I’ve run five times with the Fitbit Sense and each time it’s taken a few minutes to lock onto a GPS signal. This usually gets better the more you use a device. At least, I hope it will improve in this case.
Fitbit introduced heart rate zone heatmaps in the Fitbit app a few months ago. They’re wonderful. On Fitbits with GPS, you’ll get a heatmap of your outdoor route showing your heart rate zones. The Fitbit Sense also supports over 20 goal-based exercise modes and automatic activity recognition for the most popular sport profiles.
Menstrual cycle tracking is available on the Sense too, allowing you to track your period cycle, symptoms, and more. I was not able to test this feature out, though we have a detailed guide explaining how it works.
Smartwatch features: Promises shouldn’t sell products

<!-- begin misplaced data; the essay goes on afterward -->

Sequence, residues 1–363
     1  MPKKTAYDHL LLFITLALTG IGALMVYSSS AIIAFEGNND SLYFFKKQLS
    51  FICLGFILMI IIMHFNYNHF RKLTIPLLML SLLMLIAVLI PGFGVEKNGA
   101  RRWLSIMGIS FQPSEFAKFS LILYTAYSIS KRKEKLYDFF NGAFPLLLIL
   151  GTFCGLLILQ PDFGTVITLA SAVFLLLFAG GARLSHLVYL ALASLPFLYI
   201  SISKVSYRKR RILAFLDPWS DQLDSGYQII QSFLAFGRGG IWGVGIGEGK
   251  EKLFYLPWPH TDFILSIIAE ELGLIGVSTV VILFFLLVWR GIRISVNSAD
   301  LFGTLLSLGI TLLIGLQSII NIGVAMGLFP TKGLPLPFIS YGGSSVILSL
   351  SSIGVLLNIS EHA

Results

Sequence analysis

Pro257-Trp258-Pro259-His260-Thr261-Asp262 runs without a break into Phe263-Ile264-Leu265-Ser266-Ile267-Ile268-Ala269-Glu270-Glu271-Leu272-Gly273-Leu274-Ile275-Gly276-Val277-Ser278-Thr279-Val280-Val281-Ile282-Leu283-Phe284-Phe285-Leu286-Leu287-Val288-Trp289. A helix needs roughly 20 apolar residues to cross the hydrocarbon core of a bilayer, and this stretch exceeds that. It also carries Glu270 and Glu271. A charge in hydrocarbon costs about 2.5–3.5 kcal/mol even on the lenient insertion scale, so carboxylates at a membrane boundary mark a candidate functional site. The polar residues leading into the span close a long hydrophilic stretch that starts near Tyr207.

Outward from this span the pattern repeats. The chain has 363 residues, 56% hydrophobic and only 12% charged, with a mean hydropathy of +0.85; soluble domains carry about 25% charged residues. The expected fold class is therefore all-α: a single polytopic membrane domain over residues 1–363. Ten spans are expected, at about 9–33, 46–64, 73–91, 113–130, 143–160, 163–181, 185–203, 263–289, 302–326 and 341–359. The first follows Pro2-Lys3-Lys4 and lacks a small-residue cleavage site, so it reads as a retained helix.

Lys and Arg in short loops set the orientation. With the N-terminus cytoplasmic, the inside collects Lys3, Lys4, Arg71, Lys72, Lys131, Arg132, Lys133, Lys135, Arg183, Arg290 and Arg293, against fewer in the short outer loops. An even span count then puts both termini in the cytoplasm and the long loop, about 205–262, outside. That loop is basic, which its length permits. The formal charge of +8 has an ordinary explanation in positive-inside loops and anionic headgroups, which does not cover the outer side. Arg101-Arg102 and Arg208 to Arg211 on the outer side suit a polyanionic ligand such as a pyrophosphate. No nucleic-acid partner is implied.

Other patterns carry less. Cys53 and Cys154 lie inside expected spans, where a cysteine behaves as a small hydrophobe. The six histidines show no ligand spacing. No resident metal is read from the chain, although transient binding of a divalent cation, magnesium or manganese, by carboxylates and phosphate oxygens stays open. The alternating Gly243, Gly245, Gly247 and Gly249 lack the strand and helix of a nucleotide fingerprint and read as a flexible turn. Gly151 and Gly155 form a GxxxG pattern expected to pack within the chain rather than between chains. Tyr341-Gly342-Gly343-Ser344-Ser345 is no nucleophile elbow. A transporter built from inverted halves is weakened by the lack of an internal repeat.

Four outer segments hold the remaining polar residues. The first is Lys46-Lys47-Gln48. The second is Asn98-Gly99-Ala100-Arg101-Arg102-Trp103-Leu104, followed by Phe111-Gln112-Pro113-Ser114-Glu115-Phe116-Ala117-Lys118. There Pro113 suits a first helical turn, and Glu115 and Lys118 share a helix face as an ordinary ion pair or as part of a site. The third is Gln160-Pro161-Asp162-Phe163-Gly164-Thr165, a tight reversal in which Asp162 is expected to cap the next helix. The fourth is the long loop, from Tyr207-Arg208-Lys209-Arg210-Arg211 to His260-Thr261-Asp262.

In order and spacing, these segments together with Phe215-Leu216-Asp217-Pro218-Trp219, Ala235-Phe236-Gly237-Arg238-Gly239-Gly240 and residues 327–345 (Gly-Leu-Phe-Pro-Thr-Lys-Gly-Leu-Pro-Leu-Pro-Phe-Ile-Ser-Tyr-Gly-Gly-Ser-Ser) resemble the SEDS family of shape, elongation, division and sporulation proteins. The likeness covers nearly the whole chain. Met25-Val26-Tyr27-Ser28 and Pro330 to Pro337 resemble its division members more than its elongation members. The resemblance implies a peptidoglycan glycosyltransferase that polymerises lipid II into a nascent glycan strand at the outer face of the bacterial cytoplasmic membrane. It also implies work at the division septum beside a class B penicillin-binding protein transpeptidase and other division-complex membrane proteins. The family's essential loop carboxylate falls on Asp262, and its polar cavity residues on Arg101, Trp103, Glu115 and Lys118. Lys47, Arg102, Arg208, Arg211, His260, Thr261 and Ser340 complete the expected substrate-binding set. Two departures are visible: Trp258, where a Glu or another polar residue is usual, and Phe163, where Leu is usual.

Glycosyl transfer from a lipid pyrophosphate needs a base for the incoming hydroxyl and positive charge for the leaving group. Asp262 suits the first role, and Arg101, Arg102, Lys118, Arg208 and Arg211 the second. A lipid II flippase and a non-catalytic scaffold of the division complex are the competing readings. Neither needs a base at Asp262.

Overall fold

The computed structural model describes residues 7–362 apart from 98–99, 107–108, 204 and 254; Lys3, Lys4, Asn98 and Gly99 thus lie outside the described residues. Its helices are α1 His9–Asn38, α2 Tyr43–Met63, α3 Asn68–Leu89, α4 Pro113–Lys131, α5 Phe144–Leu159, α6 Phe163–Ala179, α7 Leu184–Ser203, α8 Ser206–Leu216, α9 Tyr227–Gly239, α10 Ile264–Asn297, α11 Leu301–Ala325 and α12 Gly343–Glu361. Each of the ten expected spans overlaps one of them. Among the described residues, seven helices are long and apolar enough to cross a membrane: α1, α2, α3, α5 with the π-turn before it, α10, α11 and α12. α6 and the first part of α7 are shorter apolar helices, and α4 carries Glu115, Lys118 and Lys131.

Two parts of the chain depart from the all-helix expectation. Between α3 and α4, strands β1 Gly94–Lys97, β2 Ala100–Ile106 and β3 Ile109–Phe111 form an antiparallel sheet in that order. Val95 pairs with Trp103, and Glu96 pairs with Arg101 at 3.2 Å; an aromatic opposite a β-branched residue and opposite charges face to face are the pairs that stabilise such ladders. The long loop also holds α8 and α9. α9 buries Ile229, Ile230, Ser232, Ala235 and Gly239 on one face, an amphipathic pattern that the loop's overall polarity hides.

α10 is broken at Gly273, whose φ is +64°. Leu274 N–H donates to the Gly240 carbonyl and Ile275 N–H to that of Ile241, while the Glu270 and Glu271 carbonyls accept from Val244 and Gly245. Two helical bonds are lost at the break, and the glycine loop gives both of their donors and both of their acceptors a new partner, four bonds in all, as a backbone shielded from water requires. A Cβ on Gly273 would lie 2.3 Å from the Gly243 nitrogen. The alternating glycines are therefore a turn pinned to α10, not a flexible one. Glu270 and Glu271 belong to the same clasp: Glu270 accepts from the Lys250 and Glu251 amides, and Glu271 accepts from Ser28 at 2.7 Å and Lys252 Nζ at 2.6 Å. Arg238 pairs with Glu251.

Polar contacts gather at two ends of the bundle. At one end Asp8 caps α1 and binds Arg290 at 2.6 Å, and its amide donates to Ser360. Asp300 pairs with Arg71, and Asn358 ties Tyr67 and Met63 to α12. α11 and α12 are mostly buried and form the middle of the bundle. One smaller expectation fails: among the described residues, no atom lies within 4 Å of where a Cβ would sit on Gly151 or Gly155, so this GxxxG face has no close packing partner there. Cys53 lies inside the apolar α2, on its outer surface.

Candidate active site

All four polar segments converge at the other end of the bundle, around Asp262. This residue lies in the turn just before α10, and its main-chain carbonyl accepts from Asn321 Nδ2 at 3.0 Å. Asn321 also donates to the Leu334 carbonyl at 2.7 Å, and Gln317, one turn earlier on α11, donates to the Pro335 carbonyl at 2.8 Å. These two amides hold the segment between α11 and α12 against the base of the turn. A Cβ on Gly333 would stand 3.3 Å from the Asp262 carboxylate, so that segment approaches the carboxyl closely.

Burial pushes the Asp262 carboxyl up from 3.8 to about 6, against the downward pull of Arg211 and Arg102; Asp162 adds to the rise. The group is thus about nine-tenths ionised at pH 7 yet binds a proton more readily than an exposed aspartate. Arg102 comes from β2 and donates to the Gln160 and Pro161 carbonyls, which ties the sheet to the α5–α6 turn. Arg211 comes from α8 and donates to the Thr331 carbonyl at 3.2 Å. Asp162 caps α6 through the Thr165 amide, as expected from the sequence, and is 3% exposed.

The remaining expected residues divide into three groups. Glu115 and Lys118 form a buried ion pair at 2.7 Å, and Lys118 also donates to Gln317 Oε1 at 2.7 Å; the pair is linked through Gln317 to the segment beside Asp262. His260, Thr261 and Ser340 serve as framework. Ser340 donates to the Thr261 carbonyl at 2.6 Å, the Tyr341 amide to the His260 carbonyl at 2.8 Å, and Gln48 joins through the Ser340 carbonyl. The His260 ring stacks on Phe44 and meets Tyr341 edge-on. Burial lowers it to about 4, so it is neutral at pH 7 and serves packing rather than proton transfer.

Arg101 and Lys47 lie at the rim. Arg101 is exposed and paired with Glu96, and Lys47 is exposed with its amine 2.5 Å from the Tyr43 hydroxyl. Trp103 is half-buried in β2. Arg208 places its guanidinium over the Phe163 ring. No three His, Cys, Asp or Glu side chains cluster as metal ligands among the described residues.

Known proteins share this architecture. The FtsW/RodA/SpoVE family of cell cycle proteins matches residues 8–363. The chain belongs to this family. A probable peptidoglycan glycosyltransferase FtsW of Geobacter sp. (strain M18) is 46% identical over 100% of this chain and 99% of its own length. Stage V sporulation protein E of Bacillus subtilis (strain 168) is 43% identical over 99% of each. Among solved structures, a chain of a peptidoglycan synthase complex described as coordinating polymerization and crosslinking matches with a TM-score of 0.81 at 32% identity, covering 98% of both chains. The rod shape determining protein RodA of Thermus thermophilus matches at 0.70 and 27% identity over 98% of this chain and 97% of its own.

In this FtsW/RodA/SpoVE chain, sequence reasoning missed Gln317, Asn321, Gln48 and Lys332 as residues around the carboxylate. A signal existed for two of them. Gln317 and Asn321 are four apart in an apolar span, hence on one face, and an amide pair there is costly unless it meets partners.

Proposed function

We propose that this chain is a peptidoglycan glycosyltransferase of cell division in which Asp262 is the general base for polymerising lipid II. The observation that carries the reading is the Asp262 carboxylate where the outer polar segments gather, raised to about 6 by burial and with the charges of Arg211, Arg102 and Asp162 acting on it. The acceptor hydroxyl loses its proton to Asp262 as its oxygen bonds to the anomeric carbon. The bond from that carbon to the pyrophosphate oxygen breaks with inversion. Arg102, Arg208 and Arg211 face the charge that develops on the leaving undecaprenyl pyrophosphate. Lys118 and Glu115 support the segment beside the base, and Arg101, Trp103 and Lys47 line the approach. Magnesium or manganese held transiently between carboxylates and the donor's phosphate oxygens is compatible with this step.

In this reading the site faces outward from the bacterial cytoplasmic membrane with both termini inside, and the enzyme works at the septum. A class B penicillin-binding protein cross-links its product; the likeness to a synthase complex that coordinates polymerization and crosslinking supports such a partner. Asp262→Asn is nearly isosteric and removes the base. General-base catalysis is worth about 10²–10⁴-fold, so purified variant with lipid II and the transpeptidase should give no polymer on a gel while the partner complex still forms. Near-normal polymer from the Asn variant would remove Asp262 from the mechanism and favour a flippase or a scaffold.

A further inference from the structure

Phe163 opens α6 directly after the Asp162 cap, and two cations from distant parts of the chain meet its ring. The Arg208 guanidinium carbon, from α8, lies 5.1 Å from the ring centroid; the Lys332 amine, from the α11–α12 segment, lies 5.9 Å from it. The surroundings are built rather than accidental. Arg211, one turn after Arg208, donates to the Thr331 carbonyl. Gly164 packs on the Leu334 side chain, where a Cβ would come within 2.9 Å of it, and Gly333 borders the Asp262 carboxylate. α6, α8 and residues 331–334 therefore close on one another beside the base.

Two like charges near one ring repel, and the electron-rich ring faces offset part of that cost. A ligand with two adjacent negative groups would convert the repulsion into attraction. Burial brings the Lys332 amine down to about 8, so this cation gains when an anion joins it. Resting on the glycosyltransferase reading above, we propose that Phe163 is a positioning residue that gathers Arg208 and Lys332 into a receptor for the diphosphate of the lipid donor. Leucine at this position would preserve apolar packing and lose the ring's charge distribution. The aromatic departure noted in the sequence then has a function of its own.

Fitbit is still relatively new to the smartwatch game, so this is the part of the review where we usually critique the company the most. Fitbit has made progress in some areas, but it is still falling behind in many others.
The Fitbit Sense comes with Amazon Alexa support, just like the Versa 2 did. You can summon Alexa by long-pressing the side button. Notably, there’s no hot word support here. Alexa can handle simple requests like “What’s the weather?” and “Turn on my bedroom lights,” but more advanced commands aren’t supported. This isn’t the same Alexa you get on your smart speaker.
The voice assistant is still pretty slow to respond to simple requests, but I think it’s more an issue with voice recognition than anything else. Even responding to texts via voice dictation is slow compared to other smartwatch platforms.
While it wasn’t available at launch, the Fitbit Sense now has support for Google Assistant. It operates just like Alexa: long-press the side button, say your voice command, and wait a few seconds for the response.
Music support still comes standard on the Fitbit Sense. It has 4GB of total storage, but only ~2.5GB for music (or about 500 songs). You can download Pandora, Deezer, and local music files onto the Sense, but somehow Spotify support is still missing. This is something we’ve been begging for since the Fitbit Ionic days! Maybe the Fitbit Sense 2 or Versa 4 will have it. Who knows.